Jimmy Smits LA Law to Memphis Law in NBC’s “Bluff City Law”

Still a hunk, Jimmy Smits as Elijah Strait in Bluff City Law– (Photo by Virginia Sherwood/NBC)

The new Monday night drama “Bluff City Law” has a face familiar in a courtroom,  Jimmy Smits, whose stardom was launched on “LA Law” in 1986. Now decades later, Smits is arguing cases in the refreshing Memphis locale that fuels NBC’s engaging legal show.

 The Emmy-winning Jimmy Smits is no stranger to law and order shows having won his award as LA Law‘s hot-shot lawyer on in the ’80s, and got a Golden Globe playing a true-blue cop on NYPD Blue in the ’90s. Smits also enjoyed a high profile role the last two seasons of The West Wing and became President of the United States in the finale.

 Now the Brooklyn-born, passionate Puerto Rican has set his sights higher for his new series Bluff City Law. Smits wants to change the world, pursue justice and fairness, as well as mend family problems with his daughter.

“Bluff City Law”  stars Caitlin McGee, Jimmy Smits (Photo by Katherine Bomboy/NBC)

 The character-driven legal drama set and filmed in Memphis, Tennessee, follows a family known for taking on injustice. Elijah Strait (Jimmy Smits) heads an elite law firm known for their landmark civil rights cases. His idealistic lawyer/daughter Sydney (Caitlin McGee) used to work there until their lock-horns relationship got in the way. Hoping to reconnect with his daughter after her mother’s passing, Elijah asks Sydney to rejoin his firm. Despite her lingering resentments, she knows that working alongside her father is her best chance at changing the world. Focusing on compelling and controversial issues, they take on the toughest David-and-Goliath cases while struggling with their complicated relationship.

 Smits was at the Television Critics Association’s Summer 2019 press tour. Still a hunk at age 64, he noted that his new character doesn’t have the same “kind of bounce” that his Victor Sifuentes had in LA Law. Smits said that was “years ago, but you try to take the best from the experiences that you had. This guy I’m doing now is a lot different. The pilot script was a wonderful jump-off point for all these characters and this relationship. And luckily in Memphis we had some great technical people, attorneys that were able to work with us, and a particular duo that have the same type of father-daughter relationship. You’re always being like a sponge wherever you are, you’re taking in Memphis, and you’re taking in these relationships, and trying to use the best of all of that.”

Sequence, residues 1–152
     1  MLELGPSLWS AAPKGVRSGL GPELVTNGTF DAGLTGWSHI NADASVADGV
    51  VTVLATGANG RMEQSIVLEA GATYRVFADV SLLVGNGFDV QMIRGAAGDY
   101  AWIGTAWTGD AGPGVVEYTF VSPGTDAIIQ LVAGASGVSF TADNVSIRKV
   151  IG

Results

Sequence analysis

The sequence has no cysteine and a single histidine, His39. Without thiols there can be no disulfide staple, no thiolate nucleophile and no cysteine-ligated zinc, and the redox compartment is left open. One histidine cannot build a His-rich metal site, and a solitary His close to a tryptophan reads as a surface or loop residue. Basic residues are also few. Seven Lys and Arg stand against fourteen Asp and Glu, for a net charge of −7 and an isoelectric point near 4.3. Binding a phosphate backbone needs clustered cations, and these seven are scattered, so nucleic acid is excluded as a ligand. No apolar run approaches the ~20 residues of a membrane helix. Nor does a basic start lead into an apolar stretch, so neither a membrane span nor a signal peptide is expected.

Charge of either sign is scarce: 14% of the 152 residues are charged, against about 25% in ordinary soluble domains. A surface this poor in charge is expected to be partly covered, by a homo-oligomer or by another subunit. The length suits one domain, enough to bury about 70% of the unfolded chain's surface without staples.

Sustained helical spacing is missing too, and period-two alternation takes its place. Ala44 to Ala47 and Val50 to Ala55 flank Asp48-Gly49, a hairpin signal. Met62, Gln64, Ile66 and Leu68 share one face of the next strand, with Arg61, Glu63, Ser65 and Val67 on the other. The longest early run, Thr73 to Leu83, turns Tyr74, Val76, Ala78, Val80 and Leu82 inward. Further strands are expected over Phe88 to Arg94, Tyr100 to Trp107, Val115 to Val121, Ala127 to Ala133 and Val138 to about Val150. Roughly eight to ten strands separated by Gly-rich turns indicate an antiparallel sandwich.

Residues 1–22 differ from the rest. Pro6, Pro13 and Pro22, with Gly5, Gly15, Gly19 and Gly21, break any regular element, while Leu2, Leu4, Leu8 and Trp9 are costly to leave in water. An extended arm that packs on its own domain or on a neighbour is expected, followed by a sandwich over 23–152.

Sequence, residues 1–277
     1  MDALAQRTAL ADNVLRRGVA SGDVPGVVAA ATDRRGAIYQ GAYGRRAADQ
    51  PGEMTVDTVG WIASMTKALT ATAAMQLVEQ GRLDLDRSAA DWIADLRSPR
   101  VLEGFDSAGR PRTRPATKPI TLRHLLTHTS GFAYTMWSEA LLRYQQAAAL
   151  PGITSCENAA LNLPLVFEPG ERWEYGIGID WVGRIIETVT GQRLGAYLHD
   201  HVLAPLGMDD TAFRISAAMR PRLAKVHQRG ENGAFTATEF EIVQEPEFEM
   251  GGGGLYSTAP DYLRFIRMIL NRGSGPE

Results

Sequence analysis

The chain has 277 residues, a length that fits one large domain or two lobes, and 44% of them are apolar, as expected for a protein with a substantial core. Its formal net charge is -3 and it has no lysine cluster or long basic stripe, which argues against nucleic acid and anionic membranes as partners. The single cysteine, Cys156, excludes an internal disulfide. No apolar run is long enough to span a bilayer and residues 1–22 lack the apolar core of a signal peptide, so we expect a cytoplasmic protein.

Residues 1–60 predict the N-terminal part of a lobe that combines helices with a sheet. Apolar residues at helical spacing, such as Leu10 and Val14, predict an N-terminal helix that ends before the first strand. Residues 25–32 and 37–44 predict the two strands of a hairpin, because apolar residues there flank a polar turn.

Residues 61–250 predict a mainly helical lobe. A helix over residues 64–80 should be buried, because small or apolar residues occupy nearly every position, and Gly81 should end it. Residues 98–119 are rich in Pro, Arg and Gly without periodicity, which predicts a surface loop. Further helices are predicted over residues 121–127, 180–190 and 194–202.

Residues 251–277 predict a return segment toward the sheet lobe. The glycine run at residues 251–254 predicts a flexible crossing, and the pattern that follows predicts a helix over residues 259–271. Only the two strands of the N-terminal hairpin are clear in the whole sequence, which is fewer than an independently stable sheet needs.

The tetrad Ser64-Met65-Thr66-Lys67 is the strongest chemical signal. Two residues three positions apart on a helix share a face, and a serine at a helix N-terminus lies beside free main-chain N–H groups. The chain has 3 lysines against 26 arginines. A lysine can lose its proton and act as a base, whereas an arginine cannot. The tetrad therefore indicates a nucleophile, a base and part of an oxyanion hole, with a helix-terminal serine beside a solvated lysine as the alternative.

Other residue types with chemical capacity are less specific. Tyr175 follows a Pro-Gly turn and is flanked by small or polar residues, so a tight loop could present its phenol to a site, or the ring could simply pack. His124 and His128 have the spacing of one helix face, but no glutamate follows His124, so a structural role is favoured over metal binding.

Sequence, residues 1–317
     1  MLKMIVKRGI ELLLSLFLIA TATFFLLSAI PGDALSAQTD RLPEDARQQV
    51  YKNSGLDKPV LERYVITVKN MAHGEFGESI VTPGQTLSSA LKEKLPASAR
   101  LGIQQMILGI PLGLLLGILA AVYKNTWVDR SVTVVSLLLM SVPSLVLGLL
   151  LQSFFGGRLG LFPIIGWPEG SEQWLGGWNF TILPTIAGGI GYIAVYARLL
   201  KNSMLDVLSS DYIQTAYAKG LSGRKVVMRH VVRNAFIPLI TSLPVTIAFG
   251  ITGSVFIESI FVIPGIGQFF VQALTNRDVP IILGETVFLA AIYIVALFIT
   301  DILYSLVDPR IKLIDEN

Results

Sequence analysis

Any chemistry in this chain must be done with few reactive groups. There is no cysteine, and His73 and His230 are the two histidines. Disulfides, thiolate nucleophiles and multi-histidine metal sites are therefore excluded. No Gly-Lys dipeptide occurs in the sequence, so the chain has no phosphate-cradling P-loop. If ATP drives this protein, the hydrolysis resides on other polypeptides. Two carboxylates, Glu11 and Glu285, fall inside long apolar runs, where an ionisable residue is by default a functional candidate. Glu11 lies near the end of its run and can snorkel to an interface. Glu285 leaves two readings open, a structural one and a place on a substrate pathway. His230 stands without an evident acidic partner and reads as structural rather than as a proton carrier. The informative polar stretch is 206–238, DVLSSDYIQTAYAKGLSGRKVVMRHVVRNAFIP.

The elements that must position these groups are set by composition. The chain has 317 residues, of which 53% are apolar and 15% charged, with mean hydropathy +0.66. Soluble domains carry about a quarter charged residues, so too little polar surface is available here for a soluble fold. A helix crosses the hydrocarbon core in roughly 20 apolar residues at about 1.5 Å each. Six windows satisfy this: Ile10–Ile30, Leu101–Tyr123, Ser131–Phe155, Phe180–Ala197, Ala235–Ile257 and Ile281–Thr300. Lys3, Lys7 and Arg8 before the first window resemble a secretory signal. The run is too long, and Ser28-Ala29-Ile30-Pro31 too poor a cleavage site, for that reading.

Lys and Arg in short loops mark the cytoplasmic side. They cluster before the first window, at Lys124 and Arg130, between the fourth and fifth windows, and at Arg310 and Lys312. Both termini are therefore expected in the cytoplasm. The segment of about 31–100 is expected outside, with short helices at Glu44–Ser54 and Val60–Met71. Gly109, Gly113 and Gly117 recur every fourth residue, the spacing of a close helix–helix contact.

Some cases will be very human stories, dipping into the culture of Memphis, which is incredibly rich. Smits explained, “It was important to have great fodder for storylines. We want the audience to take a ride with us, to be engaged with the relationships and dilemmas that happen to be in this legal arena. The great thing about the law is that you’re able to present two different points of view.”

Smits noted, “I like the one-two punch that a good drama can give, and that’s what these guys (the production team) give on a weekly basis. Sometimes we strive to find the humor in perhaps what might be considered a sad, dark situation.”

MaameYaa Boafo, Barry Sloane, Caitlin McGee, Jimmy Smits, Michael Luwoye, Jayne Atkinson, Stony Blyden. (Photo by Paul Trantow/NBC

 In addition to Smits and McGee, Bluff City Law also stars Barry Sloane, Michael Luwoye, MaameYaa Boafo, Stony Blyden, Jayne Atkinson and Josh Kelly. The series is produced by Universal Television in association with David Janollari Entertainment. Janollari, and co-creators Michael Aguliar and Dean Georgaris are executive producers. The show will approach current events affecting the country, but writer Greogaris said they won’t have stories “ripped from the headlines.” Instead, he reported the first ten episodes will touch on topics such as free speech, wrongful imprisonment, the opioid crisis, insurance companies, and immigration.

Regarding his old gig on NYPD Blue, Smits shared his thoughts on the reboot that’s in the works at ABC. Smits said, “They shot the pilot and I think it’s great. I mean, I’m down with it. I can’t wait. I got pictures from the guys, and they said, ‘Wish you were here, but you’re dead.’ I was like, really? That’s okay. Anything that’s an ode to my dear (Steven) Bochco and “Lord” (David) Milch (the creators/producers of NYPD Blue), you know, I’m down with it.”

 The compelling series TheBluff City Law premiers September 23 and airs at 10 pm Monday nights on NBC. Tune in.

Margie Barron has written for a wide variety of outlets including Gannett newspapers, Nickelodeon, Tiger Beat and 16 Magazine, Fresh!, Senior Life, Production Update, airline magazines, etc. Margie is also proud to have been half of the husband & wife writing team Frank & Margie Barron, who had written together for various entertainment and travel publications for more than 38 years.